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Dr. Hazel Carney, Feline Behavior and Medicine Veterinarian, offers some important information on cat’s in heat, the mating cycle, and the best time to have your female cat spayed.

It’s three AM. You’re awakened by screams of what sounds like terrible pain from your six month-old female kitten.  When you stagger half-asleep to the living room you find her writhing on the floor while a cat outside on the window ledge howls. Frightened, you call your veterinarian, who reassures you: your cat is probably just in heat— not seriously ill.  You go back to sleep wondering what really happens to make a cat act like this. Dr. Hazel Carney, feline behavior specialist, shared some important info with cat owners in today’s blog post. 

Most female kittens first go into heat when they are six to eight months old. Some shorthairs, especially those with Siamese ancestors, may reach puberty at five months while long-haired kittens may not go into a first heat until nine to eleven months of age.

Longer hours of daylight, warm temperatures, and the presence of other cats all help to bring on your cat’s mating season.  The peak mating seasons are usually early spring, late summer and “Indian summer.” If the weather stays warm and sunny through the winter, some cats will come into heat year round. In addition, totally indoor cats also may cycle year round.

During the mating season, a female cat or queen will go into and out of heat several times. The cat has 4 hormonal and behavioral stages to her estrus (reproductive or heat) cycle. The signs of the stages overlap and the duration of the stages varies from cat to cat. During the breeding season most queens go into heat every three weeks if not mated; others call only once a month, some every two weeks, and still others just once or twice during the season.  Each cat has her own pattern, which usually repeats itself each spring or fall.  Knowing about the stages of the heat cycle will help you understand your cat’s behavior.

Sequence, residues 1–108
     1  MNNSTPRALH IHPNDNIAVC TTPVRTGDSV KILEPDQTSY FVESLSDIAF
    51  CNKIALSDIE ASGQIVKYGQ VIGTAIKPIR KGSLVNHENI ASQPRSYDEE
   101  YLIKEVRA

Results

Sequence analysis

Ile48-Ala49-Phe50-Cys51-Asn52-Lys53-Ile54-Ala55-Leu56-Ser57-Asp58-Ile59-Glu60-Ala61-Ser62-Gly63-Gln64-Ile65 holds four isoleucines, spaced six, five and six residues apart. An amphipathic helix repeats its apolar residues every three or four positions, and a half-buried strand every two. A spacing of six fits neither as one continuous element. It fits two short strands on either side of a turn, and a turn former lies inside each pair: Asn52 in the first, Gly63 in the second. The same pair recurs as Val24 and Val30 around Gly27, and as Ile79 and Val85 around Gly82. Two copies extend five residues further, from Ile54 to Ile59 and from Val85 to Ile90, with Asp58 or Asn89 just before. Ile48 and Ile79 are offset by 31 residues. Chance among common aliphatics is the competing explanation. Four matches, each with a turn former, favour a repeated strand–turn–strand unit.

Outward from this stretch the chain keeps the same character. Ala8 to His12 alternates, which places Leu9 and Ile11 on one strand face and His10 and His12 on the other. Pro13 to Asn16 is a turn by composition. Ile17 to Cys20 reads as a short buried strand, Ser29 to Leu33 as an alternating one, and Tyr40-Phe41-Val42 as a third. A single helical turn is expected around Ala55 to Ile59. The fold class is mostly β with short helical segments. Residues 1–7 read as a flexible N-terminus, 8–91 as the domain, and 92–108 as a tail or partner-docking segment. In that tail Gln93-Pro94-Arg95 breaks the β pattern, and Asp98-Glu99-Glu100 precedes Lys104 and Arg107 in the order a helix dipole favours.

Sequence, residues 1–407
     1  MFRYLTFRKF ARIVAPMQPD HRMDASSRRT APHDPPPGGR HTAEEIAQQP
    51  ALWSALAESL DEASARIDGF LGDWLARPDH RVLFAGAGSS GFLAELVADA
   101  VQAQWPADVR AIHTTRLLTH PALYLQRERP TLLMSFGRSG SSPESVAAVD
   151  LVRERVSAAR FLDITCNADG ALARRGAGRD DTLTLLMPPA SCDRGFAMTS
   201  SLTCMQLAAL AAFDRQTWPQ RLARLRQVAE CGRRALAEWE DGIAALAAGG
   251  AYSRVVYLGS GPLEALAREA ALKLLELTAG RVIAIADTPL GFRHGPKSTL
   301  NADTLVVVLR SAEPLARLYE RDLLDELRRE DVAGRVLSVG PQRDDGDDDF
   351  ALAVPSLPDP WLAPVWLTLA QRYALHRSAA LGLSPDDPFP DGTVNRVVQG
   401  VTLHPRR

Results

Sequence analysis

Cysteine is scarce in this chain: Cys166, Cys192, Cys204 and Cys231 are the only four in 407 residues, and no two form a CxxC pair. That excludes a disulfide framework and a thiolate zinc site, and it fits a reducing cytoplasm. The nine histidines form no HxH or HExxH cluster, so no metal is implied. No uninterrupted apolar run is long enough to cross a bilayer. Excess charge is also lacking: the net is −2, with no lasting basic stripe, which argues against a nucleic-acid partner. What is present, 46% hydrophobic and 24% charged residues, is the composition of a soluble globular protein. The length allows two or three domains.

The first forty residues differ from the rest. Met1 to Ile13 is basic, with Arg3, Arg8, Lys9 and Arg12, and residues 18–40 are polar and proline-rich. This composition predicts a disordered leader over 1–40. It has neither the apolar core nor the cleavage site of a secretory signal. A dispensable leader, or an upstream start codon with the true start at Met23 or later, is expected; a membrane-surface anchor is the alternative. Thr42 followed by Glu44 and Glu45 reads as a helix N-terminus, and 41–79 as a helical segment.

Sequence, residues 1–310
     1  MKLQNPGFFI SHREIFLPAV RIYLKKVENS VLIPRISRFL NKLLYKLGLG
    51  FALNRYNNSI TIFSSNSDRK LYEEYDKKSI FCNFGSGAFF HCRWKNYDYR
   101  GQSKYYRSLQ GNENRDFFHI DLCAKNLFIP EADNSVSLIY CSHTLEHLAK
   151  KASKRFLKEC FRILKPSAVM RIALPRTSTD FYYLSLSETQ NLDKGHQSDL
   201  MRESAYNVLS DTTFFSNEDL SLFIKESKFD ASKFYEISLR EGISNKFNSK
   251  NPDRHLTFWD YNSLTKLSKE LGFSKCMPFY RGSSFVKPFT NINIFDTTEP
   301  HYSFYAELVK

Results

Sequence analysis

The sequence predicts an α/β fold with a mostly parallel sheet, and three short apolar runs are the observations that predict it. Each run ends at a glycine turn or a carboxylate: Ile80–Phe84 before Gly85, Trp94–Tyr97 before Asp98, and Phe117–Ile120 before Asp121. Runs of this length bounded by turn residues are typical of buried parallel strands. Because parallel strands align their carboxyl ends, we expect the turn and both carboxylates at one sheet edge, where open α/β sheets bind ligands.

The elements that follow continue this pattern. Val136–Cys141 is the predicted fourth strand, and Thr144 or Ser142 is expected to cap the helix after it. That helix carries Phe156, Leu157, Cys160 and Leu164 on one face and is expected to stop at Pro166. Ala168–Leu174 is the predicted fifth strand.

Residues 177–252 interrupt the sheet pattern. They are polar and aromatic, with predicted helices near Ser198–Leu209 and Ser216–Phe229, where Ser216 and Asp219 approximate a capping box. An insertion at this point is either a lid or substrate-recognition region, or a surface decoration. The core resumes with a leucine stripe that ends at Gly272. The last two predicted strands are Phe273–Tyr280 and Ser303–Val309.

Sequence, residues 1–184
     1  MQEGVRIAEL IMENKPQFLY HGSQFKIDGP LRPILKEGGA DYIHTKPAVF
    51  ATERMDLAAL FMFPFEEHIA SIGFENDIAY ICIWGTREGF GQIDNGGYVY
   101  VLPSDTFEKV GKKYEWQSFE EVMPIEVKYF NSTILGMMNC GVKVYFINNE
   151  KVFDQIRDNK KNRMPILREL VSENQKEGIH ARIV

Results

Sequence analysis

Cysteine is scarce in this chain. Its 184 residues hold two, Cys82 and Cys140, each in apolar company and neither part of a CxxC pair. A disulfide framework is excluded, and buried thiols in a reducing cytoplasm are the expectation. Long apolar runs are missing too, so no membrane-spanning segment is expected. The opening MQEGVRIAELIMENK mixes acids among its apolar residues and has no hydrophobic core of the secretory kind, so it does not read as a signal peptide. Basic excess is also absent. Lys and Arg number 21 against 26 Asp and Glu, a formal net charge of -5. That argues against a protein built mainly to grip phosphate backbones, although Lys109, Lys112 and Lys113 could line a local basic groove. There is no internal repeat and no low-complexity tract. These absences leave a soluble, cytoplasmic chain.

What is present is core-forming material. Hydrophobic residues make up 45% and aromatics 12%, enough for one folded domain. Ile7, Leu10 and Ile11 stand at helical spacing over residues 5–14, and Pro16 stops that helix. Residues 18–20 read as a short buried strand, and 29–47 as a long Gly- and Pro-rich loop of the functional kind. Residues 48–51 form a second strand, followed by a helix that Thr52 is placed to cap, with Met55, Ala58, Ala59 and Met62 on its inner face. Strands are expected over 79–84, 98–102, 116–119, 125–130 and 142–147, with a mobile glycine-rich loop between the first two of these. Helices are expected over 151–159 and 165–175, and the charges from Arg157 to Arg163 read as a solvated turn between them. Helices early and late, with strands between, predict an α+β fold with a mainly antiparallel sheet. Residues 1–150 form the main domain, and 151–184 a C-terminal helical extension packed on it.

Proestrus (courtship): This normally lasts one to three days.  Your queen is more affectionate, chirps and chortles, and seems more restless.  Her appetite varies.  She attracts toms to your house but refuses to mate.  You may notice a slightly swollen, moist vulva.

Estrus (mating): This is also called standing heat.  It lasts three to five days if your queen mates and up to 14 days if she doesn’t mate.  She cries loudly, rubs against you and the furniture, shakes her pelvis and rolls.  If you stroke her near the base of her tail she squats, raises her hind quarters, switches her tail to the side, and treads with her hind feet.  If no tom cat is available she will try to leave the house to find one.

Metestrus (aftermath):  The short third phase usually lasts 24 hours.  Your queen still has the estrus behavior patterns, but refuses any advances by a tom.

What happens next depends on what happened during estrus.  If your queen was successfully bred and is pregnant, she will have kitten within 58-70 days.  If she was sterilely mated, she enters a false pregnancy of 30 to 45 days.  If she was not mated, she enters a 7 to 28 day period of sexual quietness, after which she begins the courtship stage again.

Anestrus (rest): Your cat is not in heat.  The cycle is over for now. This is the ideal time to schedule her ovariohysterectomy (spay) surgery.


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